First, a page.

Inflation Reduction Act of 2022 is too little, too late

Zach Petroff | Opinions Editor

Aug. 25, 2022

This past summer, America took part in one of its most consistent traditions dating back to the mid-20th century: economic turmoil.

Opponents of the current administration classify this current economic situation as a recession. The White House has adamantly denied this, stating in a news-release that, “While some maintain that two consecutive quarters of falling real GDP constitutes a recession, that is neither the official definition nor the way economists evaluate the state of the business cycle…”

That sounds more like an eloquent way to say, “The economy is failing, but just in a non-traditional way.”

While talking heads in the political realm bicker over semantics, the American people saw consumer prices rise 9.1% (per the Bureau of Labor Statistics), the largest increase in over 40 years. Gas prices soared to the highest amount they have ever been at an estimated 51% increase from a year ago nationwide, according to the U.S. Energy Information Administration.

Americans are not looking for clarification on what defines economic anomalies. They want change, they want to not have the uncertainty that is facing so many families across the country.

However, some Americans are seeking comfort from these tumultuous economic times by finding ways to place blame on their opposing political party. The same age-old arguments tied to political partisanship are being regurgitated from mouth pieces whose moral outrage is guided by his/her thin-veiled political ideologies.

It does seem that there is an irrational loyalty to an economic hierarchy, and our political leanings give almost a clemency to perpetrators as long as their political identities align close to our own.

I once asked someone whose opinions I respect: What is the measure of a good economy? His answer — the deficit. When asked the same question four years later with a different political party in the majority, his answer changed to the unemployment rate. The lack of consistency we have with holding those making economic decisions accountable greatly diminishes our chances of actually enacting change.

It is puzzling that, despite supposedly having the strongest economy in the history of the world, we find ourselves in economic crises seemingly every decade. These economic downfalls have a tendency to hit the lower economic classes the hardest, forcing the majority of American people to carry the brunt of the consequences of the wealthy elite.

When the economy tanks, it decreases cash flow. Those that have assets may see a temporary decrease in their assets’ value, but a majority of America’s wealth consists of cash, savings and a relatively small stake in the market. While a majority of American people will watch their savings deplete, the wealthy can hold strong as the value of their assets will eventually return.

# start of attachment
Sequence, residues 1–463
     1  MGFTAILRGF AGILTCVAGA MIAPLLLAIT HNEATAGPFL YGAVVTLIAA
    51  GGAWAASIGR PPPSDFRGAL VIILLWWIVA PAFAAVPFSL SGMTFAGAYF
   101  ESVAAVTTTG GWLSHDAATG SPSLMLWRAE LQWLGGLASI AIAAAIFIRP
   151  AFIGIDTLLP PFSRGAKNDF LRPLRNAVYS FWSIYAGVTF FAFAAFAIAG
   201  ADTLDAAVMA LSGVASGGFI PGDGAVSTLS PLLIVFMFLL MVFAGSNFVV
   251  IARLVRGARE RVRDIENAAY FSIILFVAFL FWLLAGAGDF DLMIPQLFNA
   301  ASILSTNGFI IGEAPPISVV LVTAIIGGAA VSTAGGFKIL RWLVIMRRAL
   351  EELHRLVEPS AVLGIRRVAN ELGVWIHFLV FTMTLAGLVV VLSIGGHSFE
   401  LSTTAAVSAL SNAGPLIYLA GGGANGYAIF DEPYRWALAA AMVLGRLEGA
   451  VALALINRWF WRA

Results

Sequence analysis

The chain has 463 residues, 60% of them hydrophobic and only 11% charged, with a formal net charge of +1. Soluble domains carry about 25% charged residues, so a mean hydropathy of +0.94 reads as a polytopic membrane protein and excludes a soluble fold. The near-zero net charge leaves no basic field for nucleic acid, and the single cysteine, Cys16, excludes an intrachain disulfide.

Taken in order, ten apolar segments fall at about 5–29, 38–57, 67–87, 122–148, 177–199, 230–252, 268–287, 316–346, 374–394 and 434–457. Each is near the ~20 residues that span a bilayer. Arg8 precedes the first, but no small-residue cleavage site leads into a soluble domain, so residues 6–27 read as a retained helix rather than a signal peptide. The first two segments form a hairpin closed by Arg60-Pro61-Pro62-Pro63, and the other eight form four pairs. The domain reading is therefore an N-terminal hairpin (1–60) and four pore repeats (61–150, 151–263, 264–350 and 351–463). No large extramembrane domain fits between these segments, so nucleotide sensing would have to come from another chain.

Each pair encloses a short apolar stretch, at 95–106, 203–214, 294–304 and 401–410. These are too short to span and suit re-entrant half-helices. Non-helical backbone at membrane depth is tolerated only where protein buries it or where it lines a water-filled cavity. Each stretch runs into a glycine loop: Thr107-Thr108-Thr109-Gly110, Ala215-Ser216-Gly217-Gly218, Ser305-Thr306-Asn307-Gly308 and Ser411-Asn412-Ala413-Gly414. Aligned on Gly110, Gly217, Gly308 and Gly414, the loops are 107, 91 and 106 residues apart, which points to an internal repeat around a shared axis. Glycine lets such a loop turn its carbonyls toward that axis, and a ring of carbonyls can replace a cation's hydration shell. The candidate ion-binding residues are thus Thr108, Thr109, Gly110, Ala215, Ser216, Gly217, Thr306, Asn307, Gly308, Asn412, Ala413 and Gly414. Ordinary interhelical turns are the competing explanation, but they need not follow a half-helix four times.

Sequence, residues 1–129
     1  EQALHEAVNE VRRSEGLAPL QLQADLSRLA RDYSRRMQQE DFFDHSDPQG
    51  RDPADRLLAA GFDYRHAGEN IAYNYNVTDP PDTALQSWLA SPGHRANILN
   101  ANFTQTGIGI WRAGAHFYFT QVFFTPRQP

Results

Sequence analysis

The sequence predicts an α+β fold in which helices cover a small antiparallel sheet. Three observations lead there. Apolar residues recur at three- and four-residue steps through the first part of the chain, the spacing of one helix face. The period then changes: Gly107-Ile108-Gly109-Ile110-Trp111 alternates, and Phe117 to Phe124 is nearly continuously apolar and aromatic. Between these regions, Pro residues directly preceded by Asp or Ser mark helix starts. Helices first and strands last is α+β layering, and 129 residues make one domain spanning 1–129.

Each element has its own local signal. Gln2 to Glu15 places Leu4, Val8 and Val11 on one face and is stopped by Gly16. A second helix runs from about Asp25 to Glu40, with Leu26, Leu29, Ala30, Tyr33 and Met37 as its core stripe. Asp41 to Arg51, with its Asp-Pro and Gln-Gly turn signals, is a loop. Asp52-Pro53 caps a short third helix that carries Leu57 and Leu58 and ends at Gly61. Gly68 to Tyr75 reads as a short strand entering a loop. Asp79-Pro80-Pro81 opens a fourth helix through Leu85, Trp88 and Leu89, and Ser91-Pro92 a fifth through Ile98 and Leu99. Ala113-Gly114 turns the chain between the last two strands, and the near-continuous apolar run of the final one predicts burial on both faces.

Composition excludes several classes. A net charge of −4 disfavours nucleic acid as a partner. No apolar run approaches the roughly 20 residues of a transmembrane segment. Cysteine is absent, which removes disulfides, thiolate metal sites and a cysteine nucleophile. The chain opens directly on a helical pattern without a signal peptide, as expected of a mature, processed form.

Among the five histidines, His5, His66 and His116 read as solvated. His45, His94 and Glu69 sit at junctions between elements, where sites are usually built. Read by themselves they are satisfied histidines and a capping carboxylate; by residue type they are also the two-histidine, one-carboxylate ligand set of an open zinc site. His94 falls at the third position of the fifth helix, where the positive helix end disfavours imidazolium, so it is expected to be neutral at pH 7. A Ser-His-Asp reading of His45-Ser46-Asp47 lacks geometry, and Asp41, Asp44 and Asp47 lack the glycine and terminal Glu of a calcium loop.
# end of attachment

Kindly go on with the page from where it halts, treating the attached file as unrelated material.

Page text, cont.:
It almost seems like the game is rigged.

In an attempt to muster support before the midterm elections, the Biden administration was able to pass the Inflation Reduction Act of 2022. This is a watered down version of the “Build Back Better” legislation that the Democratic Party was unable to get passed with a majority in the House of Representatives and the Senate.

It is a feeble attempt that does not cover nearly enough to prevent the economic crisis that this country has been bracing for since the turn of the century. Republicans are criticizing it with their usual hot button terms like socialism and big government. These ideas and accusations are so off the mark that one has to wonder if they’re genuine.

The Democrats appear inefficient at self-reflection and are so afraid to criticize members of their own party as if the whim of the American voter could drastically change when any sort of criticism is aimed at their own party.

The Inflation Reduction Act of 2022 only delays the inevitable. As the gap between the wealthy and the rest of us keeps increasing, these subtle changes and half-hearted attempts to hold the economic elites accountable is not nearly strong enough to change the trajectory of the American economic landscape.

A 15% tax increase to the corporations and individual estates that profited over a billion dollars in a period of three years, the increase in the IRS’s budget to try to capture tax-evading wealthy individuals and the expansion of Medicare benefits sound promising on paper. However, this administration is just scratching the surface when it comes to our economic woes.

There is a true lack of investment in your everyday, modern American citizen. This country’s wealth and economic capabilities are influenced by a wealthy elite ruling class and major corporations. As these wealthy elites garnish more wealth, a section of the American people are left on the outside looking in.

The housing market is in a serious flux as property values will plummet back to normalcy, causing a level of value disruption that could have some very unfortunate consequences. Rent across the nation keeps steadily climbing. It is almost impossible to receive a higher education without incurring a massive amount of debt that will seemingly never be able to get paid off. Wages have stayed stagnant while laborers are asked to do more. Small businesses are being absorbed by the massive corporations. Wall Street is an exclusive, members-only club, a club that feels like it’s benefiting only a few predetermined individuals.

We need practical regulations.

This needs to be an economy that works for everybody, not just a privileged few.